That seems like an odd question, doesn’t it? After all, I wouldn’t be surprised to find out Google knew what I had for lunch on Wednesday five weeks ago.
In fact, computers and the internet have captured so much information that we sometimes don’t want to memorize facts, figuring we’ll Google it when we need it again. But if we stop and think about it, I bet we could come up with a whole list of things we wish existed out there for us to research.
Writers of historical stories run into this problem all the time because only a small percentage of historical knowledge and documents has been digitized. The rest of us only think we have the world’s information at our fingertips.
Internet Searches Take Us Only So Far
I’m proud of my Google-fu, but no matter how cleverly worded, there are some things an internet search can’t tell us. There’s no eHarmony for writers where we answer questions about our personality, strengths, and weaknesses, and where we weigh the importance of those qualities in others so we can find our perfect match of:
- Critique partners: “Mary is the ideal blend of kick you into gear and supportive friend.”
- Beta readers: “Joe can find all the spots where you missed writing down the thoughts in your head.”
- Agents: “Susan is trustworthy, will go to bat for you, and likes you as much as she likes your story.”
- Publishers: “Brian will make sure you get bestseller-level marketing and publicity.”
And yes, I’m joking about this, but there’s also a very real wish to get harder data on agents and editors. Those writers who want more editing help would love to know which agents have editing experience and are willing to bring clients up to speed. Other writers want an agent more knowledgeable about contracts. While those who want a particular publisher would drool over a database listing every agent who’s sold to them in the last year in that same genre.
Our Knowledge Has Holes
More seriously, some agents have entered the publishing game, triggering a conflict of interest fear among writers. Yet as far as I know, there’s no master list of which agents have gone down this path.
For some writers, agents who also publish would be a deal-breaker, but short of doing several searches and asking in forums, there’s no way for us to know upfront which agents do it. And there’s certainly not an easy database to check.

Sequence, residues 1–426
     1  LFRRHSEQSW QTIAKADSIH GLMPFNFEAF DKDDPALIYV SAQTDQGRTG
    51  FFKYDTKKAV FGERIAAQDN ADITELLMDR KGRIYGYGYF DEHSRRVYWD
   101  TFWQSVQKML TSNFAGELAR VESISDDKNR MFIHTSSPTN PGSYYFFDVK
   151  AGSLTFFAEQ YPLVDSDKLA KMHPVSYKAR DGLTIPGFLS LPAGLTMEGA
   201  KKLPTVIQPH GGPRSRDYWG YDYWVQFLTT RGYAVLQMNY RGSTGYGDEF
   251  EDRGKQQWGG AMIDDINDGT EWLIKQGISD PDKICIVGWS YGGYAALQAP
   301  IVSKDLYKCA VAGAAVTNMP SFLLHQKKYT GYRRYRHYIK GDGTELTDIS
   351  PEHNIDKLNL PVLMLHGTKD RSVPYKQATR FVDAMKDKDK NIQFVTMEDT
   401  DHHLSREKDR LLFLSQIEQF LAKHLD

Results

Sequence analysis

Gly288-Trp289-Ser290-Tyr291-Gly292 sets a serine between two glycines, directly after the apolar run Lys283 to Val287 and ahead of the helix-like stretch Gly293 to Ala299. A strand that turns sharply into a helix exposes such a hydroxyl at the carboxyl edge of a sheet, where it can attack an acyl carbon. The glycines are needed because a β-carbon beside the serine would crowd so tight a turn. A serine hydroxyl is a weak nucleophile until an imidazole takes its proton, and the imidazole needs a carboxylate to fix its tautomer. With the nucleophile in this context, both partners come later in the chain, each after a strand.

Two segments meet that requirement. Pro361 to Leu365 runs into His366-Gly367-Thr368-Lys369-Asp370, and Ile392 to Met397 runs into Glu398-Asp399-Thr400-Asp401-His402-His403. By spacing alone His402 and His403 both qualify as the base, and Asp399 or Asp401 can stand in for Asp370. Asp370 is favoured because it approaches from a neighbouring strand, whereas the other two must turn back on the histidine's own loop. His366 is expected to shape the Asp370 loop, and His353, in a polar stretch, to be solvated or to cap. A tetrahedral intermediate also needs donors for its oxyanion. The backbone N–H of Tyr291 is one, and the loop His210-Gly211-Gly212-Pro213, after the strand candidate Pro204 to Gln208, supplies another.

What about publishers and contracts? We’d probably see fairer contracts if we could learn about a publisher’s standard clauses ahead of time. Instead, we see only our own contract and have no way to compare its terms.
If a master database of publishers’ standard contracts existed, we’d be able to avoid publishers that paid less than all the others. They’d soon find themselves having to adapt or run out of submissions.
Personally, I’d love a ranking of which publishers still do a decent amount of editing, or marketing, or what have you. Or for those self-publishing, wouldn’t a list of the strengths and weaknesses of freelance editors be useful? Or a place to rate the services of various outsourced tasks?
The Writing Wiki Is Community
So much data exists in the experiences of others, but there’s no way to access it without asking. This is yet another reason why the writing community is important.
We can find the answers to some of our questions by asking around on Twitter or by digging into forums like the Absolute Write Water Cooler. But this method works only if we’re willing to help each other. So for every question we ask, we should go out of our way to answer a few more. Our virtual writing wiki will be stronger for it.
What information would you love to be able to find on the internet? Do you know of any databases that answer my hypothetical questions above (Is there a list keeping track of which agents are publishing too?)? What’s your favorite source for finding answers to those tricky questions?Pin It